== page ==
Study Suggests Beta-Catenin Molecule is Required for Tooth Root FormationBy Abigail Pfeiffer on January 24, 2013 | 0 comments
According to a press release, The International and American Associations for Dental Research (IADR/AADR) recently published a paper in the Journal of Dental Research titled “ß-catenin is required in Odontoblasts for Tooth Root Formation.” It was written by lead authors, Tak-Heun Kim and Cheol-Hyeon Bae, Chonbuk National University, Korea School of Dentistry, Laboratory for Craniofacial Biology.
As the release states, the tooth root, together with the surrounding periodontium maintains the tooth in the jaw. The root develops after the crown forms, a process called morphogenesis. While the molecular and cellular mechanisms of early tooth development and crown morphogenesis have been extensively studied, little is known about the molecular mechanisms controlling tooth root formation.
In the study, Kim and Bae and the rest of the group show that a protein called ß-catenin is strongly expressed in odontoblasts – the cells that develop the tooth dentin, and is required for root formation. Tissue-specific inactivation of ß-catenin in developing odontoblasts produced molars lacking roots and aberrantly thin incisors. At the beginning of root formation in the mutant molars, the cervical loop epithelium extended apically to form Hertwig's epithelial root sheath (HERS), but root odontoblast differentiation was disrupted and followed by the loss of a subset of HERS inner layer cells. However, outer layer of HERS extended without the root, and the mutant molars finally erupted. The periodontal tissues invaded extensively into the dental pulp.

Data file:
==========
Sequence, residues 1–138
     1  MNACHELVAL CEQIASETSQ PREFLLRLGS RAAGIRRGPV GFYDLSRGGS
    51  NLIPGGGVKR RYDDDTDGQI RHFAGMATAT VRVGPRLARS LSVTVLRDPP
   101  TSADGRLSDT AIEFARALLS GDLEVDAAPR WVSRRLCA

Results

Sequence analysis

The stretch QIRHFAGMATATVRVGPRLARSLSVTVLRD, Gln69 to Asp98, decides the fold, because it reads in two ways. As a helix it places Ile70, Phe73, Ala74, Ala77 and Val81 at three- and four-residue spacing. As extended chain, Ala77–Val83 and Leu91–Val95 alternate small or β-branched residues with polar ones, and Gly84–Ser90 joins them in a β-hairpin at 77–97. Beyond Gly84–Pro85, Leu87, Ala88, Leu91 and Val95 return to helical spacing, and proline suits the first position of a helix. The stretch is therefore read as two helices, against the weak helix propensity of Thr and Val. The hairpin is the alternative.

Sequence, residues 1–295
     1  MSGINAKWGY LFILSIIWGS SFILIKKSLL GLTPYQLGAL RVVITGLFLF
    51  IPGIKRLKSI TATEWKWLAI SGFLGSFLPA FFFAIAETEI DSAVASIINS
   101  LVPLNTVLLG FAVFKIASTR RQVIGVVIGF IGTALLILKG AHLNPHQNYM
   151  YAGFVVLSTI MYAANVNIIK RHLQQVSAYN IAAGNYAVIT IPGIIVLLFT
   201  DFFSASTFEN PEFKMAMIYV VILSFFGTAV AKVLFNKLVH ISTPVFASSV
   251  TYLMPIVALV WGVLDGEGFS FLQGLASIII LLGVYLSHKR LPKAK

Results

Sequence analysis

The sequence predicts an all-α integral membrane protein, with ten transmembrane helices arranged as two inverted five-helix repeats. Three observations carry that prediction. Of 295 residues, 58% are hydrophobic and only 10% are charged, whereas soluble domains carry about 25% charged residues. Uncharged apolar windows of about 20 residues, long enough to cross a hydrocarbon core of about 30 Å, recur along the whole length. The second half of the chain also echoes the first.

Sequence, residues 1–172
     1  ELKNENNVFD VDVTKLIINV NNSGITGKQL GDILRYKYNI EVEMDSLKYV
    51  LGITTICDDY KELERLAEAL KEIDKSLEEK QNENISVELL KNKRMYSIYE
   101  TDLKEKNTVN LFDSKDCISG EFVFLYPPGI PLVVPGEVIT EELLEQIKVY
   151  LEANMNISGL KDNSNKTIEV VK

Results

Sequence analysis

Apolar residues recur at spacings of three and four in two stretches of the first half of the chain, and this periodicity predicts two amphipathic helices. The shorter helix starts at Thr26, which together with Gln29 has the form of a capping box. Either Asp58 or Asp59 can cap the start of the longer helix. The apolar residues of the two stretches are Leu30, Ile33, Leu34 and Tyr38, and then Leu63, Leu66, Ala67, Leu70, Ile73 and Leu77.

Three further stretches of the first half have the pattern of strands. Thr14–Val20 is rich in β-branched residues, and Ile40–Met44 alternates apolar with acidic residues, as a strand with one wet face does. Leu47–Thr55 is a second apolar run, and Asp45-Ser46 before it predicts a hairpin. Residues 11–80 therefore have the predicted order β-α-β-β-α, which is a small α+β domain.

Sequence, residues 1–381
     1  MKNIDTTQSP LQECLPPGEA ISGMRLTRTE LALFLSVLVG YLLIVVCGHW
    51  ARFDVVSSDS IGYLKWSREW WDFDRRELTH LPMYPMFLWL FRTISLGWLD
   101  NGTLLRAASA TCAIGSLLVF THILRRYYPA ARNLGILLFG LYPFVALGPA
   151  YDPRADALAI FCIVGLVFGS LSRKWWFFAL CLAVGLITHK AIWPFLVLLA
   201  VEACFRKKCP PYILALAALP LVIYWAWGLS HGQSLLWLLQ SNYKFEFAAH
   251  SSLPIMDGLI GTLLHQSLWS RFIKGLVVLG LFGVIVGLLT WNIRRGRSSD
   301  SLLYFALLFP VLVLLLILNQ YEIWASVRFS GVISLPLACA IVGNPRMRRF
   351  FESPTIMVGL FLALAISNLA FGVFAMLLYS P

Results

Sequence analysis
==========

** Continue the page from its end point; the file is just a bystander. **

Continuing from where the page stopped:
As explained in the release, these results indicate that there is a cell-autonomous requirement for Wnt/ß-catenin signaling in the dental mesenchyme for root formation.